Tuesday, June 5, 2007

MSF or SCRUM in Agile Software Development

Recently I had long discussion about usage of MSF or SCRUM in Agile Software Development, and I found lots of different opinions on this in the community.

So first of all I would like to explain what agile software development is all about.

Manifesto for Agile Software Development

  • Individuals and interactions over processes and tools
  • Working software over comprehensive documentation
  • Customer collaboration over contract negotiation
  • Responding to change over following a plan

So what's the difference in achieving these using SCRUM or MSF; let’s have a look

Scrum provides general guidelines to the software development where the key objective is to achieve a set of prioritized shippable features within specific time limits (typically 30 days sprint) by putting primarily focus on team interaction and to adapt fast changing requirement in business process. So scrum is focused on

1. Team interaction
2. Prioritizing the customer requirement
3. Generating working software in monthly cycles (sprint)

Microsoft Solutions Framework (MSF)
MSF was introduced in 1994 as a combination of best practices and guidelines used within Microsoft product teams and Microsoft's Consulting practice and various other Microsoft internal business divisions. At the core of MSF are nine foundational principles:

1. Foster open communications
2. Work toward a shared vision
3. Empower team members
4. Establish clear accountability and shared responsibility
5. Deliver incremental value
6. Stay agile, expect and adapt to change
7. Invest in quality
8. Learn from all experiences
9. Partner with customers

We can find similarities in these MSF principles and Scrum objectives, so what’s the difference. Well as per my discussion with some of the techies who follow Scrum religiously find these issues with MSF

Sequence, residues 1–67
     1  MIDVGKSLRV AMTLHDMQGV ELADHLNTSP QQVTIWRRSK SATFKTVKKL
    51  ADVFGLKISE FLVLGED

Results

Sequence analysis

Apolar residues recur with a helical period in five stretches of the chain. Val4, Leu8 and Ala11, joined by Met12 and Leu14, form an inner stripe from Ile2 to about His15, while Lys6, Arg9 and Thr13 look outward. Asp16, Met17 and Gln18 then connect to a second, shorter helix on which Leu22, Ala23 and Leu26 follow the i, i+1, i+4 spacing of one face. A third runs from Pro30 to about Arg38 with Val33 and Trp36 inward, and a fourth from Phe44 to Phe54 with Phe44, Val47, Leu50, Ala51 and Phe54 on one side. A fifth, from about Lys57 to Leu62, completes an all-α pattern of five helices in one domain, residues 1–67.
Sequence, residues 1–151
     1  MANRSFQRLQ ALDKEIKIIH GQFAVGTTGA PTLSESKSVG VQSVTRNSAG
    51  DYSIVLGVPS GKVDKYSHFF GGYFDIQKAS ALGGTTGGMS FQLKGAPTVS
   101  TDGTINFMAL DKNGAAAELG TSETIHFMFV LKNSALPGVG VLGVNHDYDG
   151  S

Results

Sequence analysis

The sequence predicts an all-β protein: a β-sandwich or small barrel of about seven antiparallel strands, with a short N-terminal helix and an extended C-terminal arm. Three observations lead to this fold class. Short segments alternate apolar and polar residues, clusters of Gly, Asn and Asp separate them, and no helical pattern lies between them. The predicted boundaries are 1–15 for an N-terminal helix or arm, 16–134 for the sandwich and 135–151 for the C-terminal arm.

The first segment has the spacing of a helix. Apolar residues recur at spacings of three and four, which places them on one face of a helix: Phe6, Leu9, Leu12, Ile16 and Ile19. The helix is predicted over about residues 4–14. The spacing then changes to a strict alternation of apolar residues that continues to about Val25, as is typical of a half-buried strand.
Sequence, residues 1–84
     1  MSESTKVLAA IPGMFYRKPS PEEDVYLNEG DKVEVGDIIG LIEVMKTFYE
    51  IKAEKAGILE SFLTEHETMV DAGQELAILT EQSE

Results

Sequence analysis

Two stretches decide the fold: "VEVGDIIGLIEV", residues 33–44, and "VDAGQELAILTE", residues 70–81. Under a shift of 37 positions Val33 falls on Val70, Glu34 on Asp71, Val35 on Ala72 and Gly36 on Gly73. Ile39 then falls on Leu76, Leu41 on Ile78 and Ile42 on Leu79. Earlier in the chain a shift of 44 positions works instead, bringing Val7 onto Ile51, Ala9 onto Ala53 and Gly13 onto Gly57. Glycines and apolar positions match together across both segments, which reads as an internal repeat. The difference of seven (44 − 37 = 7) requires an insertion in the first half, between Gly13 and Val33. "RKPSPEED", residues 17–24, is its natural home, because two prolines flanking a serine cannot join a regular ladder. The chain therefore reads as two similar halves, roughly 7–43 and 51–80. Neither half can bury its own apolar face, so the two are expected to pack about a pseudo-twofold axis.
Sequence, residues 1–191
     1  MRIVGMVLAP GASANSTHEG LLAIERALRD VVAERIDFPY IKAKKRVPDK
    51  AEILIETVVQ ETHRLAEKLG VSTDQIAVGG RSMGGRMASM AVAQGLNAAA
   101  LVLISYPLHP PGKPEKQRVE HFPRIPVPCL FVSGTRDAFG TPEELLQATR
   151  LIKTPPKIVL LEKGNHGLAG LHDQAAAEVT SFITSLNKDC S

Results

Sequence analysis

1. MSF defines work for the team, so it’s missing the self-organizing factor.
2. Incremental units produced using MSF are non-shippable.
3. Its more process oriented, which in-turn slows down the development process.
4. It doesn't support cross-functional behavior within the team.

On the other hand people familiar with MSF advocates the same using these points

1. It has a well defined process
2. It works well for big teams and large projects
3. Onsite - Offshore model is more suited to MSF
4. With MSF people not only share responsibility but they also share the common vision, achievable through a defined process

So finally which is good, well being a consultant I will answer "Depends"........Scrum is fast, can give results really early, but I saw few quality issues, doesn't seem to work for large teams or let say large projects. Even sometime producing independent features are also hard, so depends a lot on the project.

Again, MSF works best in offshore delivery model where the large team shares a common vision to achieve the end result in a well defined manner under agile development.

1 comment:

lharillo said...

Good post, I don't understand why nobody told you that before considering the date of publication.